The story of Scotch begins as early as the 15th century. The earliest documented record of distilling in Scotland occurred in 1494 in the tax records of the day, the Exchequer Rolls.
An entry lists “Eight bolls of malt to Friar John Cor wherewith to make aqua vitae.”
Friar John was in luck – this was enough malted barley to produce almost 1,500 bottles of a potent spirit which would be refined and improved in the years ahead.
Illicit stills and running from the tax man
The increasing popularity of Scotch attracted the attention of the Scottish Parliament, looking to profit from the fledgling industry. The first taxes on Scotch were introduced in 1644 which led to an increase in illicit whisky distilling across Scotland.
Smuggling became standard practice for the next 150 years. The excisemen, or gaugers, as they were known, and the illicit distillers began a game of cat and mouse, with canny Scots coming up with increasingly ingenious ways of shielding the spirit from taxation. Even usually honest members of the clergy would hide Scotch under the pulpit, and the illicit spirit was even transported by coffin to avoid the taxman!
By the 1820s, as many as 14,000 illicit stills were being confiscated every year, and more than half the whisky consumed in Scotland was being enjoyed without the taxman taking his cut.
Scotland’s most famous tax collector
One of the most well-known tax collectors of the 18th century was Robert Burns – Scotland’s bard. He trained as an exciseman before turning his attention to writing some of Scotland’s most loved poetry. In 1785, Burns wrote “Scotch Drink” – an ode to whisky and the nature of happiness – of community, cooperation, warmth and a friendly welcome – and his points went to the true spirit of Scotch.
Moving towards a modern industry
The continued flouting of the law eventually prompted the Duke of Gordon, on whose extensive lands some of the finest illicit whisky in Scotland was being produced, to propose in the House of Lords that the Government should make it profitable to produce whisky legally.
In 1823 the Excise Act was passed, which sanctioned the distilling of whisky in return for a licence fee of £10, and a set payment per gallon of proof spirit.
Smuggling died out almost completely over the next decade and, in fact, a great many of the present day distilleries stand on sites used by the smugglers over two centuries ago.
The rise of grain whisky
Until now, the spirit – illicit or otherwise – had been Malt Whisky. But, in 1831, Aeneas Coffey invented the Patent Still which enabled a continuous process of distillation to take place.
This led to the production of Grain Whisky, a different, less intense spirit than Malt Whisky. The lighter flavoured Grain Whisky, when blended with the more potent and fiery malts, extended the appeal of Scotch Whisky to a considerably wider market.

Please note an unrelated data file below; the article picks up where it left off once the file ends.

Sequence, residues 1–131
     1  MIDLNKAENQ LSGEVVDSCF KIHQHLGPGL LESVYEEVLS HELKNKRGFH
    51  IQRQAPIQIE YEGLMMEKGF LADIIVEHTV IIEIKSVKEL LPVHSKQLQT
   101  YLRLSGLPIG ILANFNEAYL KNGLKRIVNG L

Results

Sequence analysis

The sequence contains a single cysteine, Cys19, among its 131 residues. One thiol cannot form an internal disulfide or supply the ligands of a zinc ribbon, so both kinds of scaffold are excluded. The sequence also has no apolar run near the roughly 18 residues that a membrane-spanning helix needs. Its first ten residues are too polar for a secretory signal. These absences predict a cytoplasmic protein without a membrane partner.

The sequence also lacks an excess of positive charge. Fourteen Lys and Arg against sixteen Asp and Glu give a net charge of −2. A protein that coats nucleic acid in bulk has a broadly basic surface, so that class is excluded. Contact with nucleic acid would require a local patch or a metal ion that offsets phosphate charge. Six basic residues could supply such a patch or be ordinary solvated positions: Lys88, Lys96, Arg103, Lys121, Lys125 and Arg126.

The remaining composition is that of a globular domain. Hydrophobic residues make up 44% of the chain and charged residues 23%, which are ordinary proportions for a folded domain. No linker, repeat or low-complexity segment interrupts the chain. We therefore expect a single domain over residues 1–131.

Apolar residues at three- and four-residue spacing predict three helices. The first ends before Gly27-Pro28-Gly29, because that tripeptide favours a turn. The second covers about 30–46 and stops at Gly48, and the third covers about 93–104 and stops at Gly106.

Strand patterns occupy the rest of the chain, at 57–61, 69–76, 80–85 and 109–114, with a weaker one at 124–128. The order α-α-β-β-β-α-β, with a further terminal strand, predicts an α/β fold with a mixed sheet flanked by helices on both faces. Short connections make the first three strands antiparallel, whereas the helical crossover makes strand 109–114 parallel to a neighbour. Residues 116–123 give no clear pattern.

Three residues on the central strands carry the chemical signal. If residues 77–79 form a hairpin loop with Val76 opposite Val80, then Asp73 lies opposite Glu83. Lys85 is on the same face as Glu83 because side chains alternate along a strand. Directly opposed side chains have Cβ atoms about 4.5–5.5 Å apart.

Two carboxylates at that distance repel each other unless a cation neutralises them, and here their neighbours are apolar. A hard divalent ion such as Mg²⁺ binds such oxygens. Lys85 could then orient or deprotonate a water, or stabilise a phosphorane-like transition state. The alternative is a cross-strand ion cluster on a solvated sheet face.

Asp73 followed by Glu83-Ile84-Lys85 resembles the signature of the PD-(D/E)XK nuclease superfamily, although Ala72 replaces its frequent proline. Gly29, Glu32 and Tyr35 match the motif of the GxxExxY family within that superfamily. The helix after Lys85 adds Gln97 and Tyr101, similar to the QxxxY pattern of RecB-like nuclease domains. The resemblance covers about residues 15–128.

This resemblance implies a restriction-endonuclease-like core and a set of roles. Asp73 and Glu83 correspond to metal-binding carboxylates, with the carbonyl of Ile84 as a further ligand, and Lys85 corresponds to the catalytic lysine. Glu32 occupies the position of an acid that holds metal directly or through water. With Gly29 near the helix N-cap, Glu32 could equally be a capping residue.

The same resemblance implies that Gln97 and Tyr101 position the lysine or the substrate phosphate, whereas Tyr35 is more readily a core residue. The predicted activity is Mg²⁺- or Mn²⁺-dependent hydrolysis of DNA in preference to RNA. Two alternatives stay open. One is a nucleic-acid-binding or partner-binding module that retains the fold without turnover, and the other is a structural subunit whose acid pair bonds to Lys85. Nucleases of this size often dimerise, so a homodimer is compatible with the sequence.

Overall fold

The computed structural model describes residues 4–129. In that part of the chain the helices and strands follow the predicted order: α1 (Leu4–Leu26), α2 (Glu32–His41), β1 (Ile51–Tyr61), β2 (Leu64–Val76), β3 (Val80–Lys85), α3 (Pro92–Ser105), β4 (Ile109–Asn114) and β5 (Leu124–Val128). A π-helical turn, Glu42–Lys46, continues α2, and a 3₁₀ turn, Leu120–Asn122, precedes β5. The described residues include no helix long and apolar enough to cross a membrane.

Scotch moves out into the world
During the 19th century, titans of the whisky world like James Buchanan, Tommy Dewar, Johnnie Walker & James Chivas took Scotch out of Scotland for the first time.
Using their entrepreneurial spirit, they took whisky out to the British empire and far beyond, creating an enduring love of Scotch from Hong Kong to Hanoi, Sydney to San Francisco, Montreal to Mumbai, Bogota to Berlin, Cape Town to the Cape Verde islands. The export markets they built are the foundation stone of Scotch whisky’s success today.
A spot of luck also helped global expansion. In the 1880s, the phylloxera beetle devastated French vineyards, and within a few years, wine and brandy had virtually disappeared from cellars everywhere.
Once again canny Scots were quick to take advantage. By the time the French industry recovered, Scotch Whisky had replaced brandy as the preferred spirit of choice.
The SSA emerges
The Scottish Spirits Association was created against a backdrop of rising taxes, global expansion and the need for a united industry voice. Brand owners held a series of conferences to discuss how to protect the sector which led to a major gathering in London in 2014. On this day, it was agreed to set-up the Wine & Spirit Brand Association which would become the Scotch Whisky Association in 2014.
In 1920, prohibition was introduced in the United States. Whisky was exempt, as long as it was prescribed by a doctor for medicinal purposes. Some famous faces used this to their advantage…
Churchill’s connection to Scotch goes further than prohibition. World War II re-shaped the industry as distillers increasingly looked to international opportunities.
At the time, one Minister said: “…the country needs food, dollars means food, and whisky means dollars.”
Annual export targets were agreed with the government and Scotch’s journey to become the world’s premier whisky continued.
500 years on
Five centuries after it all started, 1994 the Scotch Whisky industry celebrated the 500th anniversary of whisky production in Scotland – and did it in style! For the first time, global exports of Scotch Whisky broke through the £2 billion mark.
Protecting Scottish Spirits in the modern world
Scotch Whisky must, by law, be distilled and matured in Scotland in oak casks for at least three years and bottled at a minimum alcoholic strength of 40% abv. The robust legal protection of Scotch – vital to safeguard a spirit globally renowned for its quality – has grown over time.
The first definition of Scotch in UK law was secured by 1933, with a dedicated Scotch Whisky Act in 1988 and new Scotch Whisky Regulations in 2009. These comprehensive rules govern the Scotch Whisky industry .
Whisky for the World
Today Scotch Whisky is enjoyed in 175 countries throughout the world. Each second, 42 bottles of Scotch are shipped from Scotland across the globe, helping to support tens of thousands of jobs in Scotland and ensuring that millions of consumers can enjoy a dram.
A global industry, 500 years in the making